FIG. 1 illustrates a quartz crystal plate 1 from which a Lame mode quartz crystal resonator according to the invention is cut out, and its coordinate system. The coordinate system of the quartz crystal structure consists of an original point O, an electrical axis x, a mechanical axis y and an optical axis z to constitute a coordinate system O-xyz. The X-plate quartz crystal is rotated through an angle φx about the y-axis, and further rotated through an angle θx about a new axis x′ produced by the rotation about y-axis. The Lame mode quartz crystal resonator according to the invention is formed of a quartz crystal plate obtained in a manner that the thus rotated blank quartz crystal plate is cut out in planes parallel to x-y, y-z and z-x planes of the original coordinate system, respectively.

FIG. 2 illustrates a relation between the cut angles φx and θx which are able to give the zero temperature coefficient (first order temperature coefficient being zero) to the Lame mode quartz resonator according to the invention. As show in a curve 2 in FIG. 2, it is evident that the zero temperature coefficient exists within a range of 36.5° to 47° of the angle φx and 65° to 85° of the angle θx.

FIG. 3 illustrates a relation between the cut angle θx and a second order temperature coefficient β under the relation shown in FIG. 2. As shown in a curve 3 in FIG. 3, it is evident that the second order temperature coefficient β is approximately −1×10−8/° C.2 within the range of 65° to 85° of the angle θx corresponding to 36.5° to 47° of the angle φx, and the absolute value of the second order temperature coefficient β is as little as about one-fifth to one-fourth that of the Lame mode quartz crystal resonator of the prior art.

FIG. 4 illustrates another relation between the cut angles φx and θx giving the zero temperature coefficient to the Lame mode quartz resonator according to the invention. With a curve 4 in FIG. 4, the zero temperature coefficient exists within a range of 133° to 143.5° of the cut angle φx and 5° to 25° of the cut angle θx. FIG. 5 illustrates a relation between the cut angle θx and a second order temperature coefficient β under the relation shown in FIG. 4. As shown in a curve 5 in FIG. 5, the absolute value of the second order temperature coefficient β is considerably small as −1×10−8/° C.2 within the range of 5° to 25° of the cut angle θx corresponding to 133° to 143.5° of the cut angle φx.

FIG. 6 illustrates one embodiment of the frequency temperature behavior of the Lame mode quartz crystal resonator in that the cut angle φx is 47° and the cut angle θx is 65°, whose behavior is shown in the curve 6. With the Lame mode quartz crystal resonator according to the invention, the change in frequency is less over a wide temperature range as shown in the curve 6 in FIG. 6 because the absolute value of the second order temperature coefficient β is much smaller than that of the Lame mode quartz crystal resonators of the prior art. The curve 101 shows the frequency temperature behavior of the Lame mode quartz crystal resonator of the prior art, from which it is clear that the Lame mode quartz crystal resonator according to the invention is superior to that of the prior art.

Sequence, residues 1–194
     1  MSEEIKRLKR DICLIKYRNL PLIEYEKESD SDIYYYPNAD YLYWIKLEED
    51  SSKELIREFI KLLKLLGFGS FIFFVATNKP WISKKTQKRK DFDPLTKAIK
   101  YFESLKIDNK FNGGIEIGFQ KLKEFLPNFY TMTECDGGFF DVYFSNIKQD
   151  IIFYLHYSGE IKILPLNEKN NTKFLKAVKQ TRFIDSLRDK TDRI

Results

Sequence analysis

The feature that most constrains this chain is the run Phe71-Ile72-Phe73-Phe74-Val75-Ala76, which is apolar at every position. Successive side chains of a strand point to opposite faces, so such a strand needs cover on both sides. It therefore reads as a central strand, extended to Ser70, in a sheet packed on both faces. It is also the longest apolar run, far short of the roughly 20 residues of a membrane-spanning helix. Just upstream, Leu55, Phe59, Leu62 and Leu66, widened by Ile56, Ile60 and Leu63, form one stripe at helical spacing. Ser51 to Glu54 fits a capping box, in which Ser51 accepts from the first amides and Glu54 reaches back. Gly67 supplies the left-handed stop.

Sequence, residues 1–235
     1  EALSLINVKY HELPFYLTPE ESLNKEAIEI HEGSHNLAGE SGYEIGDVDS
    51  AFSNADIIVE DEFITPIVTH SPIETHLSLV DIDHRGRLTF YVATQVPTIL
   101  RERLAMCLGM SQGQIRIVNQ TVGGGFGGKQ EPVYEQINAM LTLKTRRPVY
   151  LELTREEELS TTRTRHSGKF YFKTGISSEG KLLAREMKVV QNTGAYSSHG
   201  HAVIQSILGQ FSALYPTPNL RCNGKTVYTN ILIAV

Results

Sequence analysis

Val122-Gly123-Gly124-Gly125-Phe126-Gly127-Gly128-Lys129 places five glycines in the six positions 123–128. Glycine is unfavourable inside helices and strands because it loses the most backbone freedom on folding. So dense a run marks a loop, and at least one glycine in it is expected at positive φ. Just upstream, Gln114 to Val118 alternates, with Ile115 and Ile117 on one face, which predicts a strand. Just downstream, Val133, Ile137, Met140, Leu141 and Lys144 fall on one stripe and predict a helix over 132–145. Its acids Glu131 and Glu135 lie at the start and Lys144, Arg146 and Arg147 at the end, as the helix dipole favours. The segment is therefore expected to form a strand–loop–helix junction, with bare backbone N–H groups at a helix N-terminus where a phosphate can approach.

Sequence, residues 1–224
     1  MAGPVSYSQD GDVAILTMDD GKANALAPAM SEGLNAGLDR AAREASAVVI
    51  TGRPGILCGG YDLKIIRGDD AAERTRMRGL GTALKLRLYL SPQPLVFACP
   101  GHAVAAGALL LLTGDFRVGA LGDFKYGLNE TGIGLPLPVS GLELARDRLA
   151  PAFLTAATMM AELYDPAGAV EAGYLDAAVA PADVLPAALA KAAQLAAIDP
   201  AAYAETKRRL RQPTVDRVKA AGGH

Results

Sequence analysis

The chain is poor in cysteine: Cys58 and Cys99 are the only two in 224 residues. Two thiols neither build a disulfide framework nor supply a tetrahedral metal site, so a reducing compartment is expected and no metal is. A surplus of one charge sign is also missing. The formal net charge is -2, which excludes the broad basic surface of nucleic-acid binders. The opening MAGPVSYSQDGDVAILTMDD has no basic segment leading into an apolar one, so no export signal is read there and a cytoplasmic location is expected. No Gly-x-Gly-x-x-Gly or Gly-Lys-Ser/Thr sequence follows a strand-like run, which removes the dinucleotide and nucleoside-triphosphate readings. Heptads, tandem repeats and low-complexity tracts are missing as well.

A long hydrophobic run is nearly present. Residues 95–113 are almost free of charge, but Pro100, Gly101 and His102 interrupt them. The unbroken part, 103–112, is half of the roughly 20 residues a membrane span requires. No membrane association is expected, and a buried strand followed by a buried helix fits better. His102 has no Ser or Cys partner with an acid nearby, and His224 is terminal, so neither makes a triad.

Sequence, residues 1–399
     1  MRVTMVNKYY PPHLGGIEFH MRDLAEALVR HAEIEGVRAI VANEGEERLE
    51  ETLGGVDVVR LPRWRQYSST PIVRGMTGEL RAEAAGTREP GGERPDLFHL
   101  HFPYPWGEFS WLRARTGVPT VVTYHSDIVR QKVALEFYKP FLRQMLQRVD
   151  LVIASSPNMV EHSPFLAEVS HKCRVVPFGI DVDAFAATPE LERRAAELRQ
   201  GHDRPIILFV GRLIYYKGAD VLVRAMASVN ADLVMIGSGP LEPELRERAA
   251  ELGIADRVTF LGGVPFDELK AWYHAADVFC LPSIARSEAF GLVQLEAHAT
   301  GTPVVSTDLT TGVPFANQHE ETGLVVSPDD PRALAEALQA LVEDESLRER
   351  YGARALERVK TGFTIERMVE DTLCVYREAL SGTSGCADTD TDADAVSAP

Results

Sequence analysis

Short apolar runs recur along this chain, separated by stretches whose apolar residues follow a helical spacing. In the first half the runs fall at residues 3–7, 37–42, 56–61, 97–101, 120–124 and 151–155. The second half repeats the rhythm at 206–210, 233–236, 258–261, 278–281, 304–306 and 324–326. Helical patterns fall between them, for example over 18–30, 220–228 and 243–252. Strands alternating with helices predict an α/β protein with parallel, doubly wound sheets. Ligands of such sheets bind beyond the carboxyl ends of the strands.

Embodiment 2

FIG. 10 illustrates an overtone Lame mode quartz crystal resonator as one embodiment of the invention in a front elevation. The quartz crystal resonator 7 comprises a vibrating portion 9, a supporting frame 8, a mounting portion 10, and connecting portions 11 and 12, all of them being formed integrally. The vibrating portion 9 is connected through the connecting portion 11 to the supporting frame 8 and through the connecting portion 12 to the mounting portion 10. The connecting portions 11 and 12 are provided at the diagonal ends of the vibrating portion 9, respectively.

In this shown embodiment, electrodes 13, 14 and 15 are disposed in the longitudinal direction of the vibrating portion 9 so that the electrodes adjacent each other will form the different polarity. In other words, the electrode portion is divided into three electrodes. This resonator vibrates in an overtone mode of (3 and 1). The electrode 13 is connected through an electrode 18 disposed on the supporting frame 8 to an electrode terminal 16 disposed on the mounting portion 10. The electrodes 13 and 15 are connected through their side surfaces (not shown) to each other. Moreover, the electrode 14 is arranged to have the same polarity as an electrode terminal 17.

As the quartz crystal resonator according to the invention includes two connections between the supporting frame 8 and the mounting portion 10 respectively and the vibrating portion 9, it is possible to minimize the vibrational energy losses of the vibrating portion. As a result, the invention provides the Lame mode quartz crystal resonator having less series resistance R1 and high quality factor Q. Because the connecting portions 11 and 12 are provided at the opposite ends and on the diagonal line of the vibrating portion 9, this resonator is not susceptible to shock loads.

FIG. 11 is a right side view of the resonator shown in FIG. 10. The vibrating portion 9 has on its rear side electrodes 19, 20 and 21 disposed in opposition to the electrodes 13, 14 and 15 on the front side. The electrodes 13, 15 and 20 and electrode terminals 16 and 22 have the same polarity, and further the electrodes 14, 19 and 21 and the electrode terminal 17 have the same polarity to form two electrode terminals electrically. When an alternating voltage is applied to the two electrode terminals 16 and 17, the parts of the vibrating portion on which the respective electrodes are disposed are repeatedly vibrated in a manner expanding and contracting in their length and width directions, that is to say, the parts vibrate in different phases.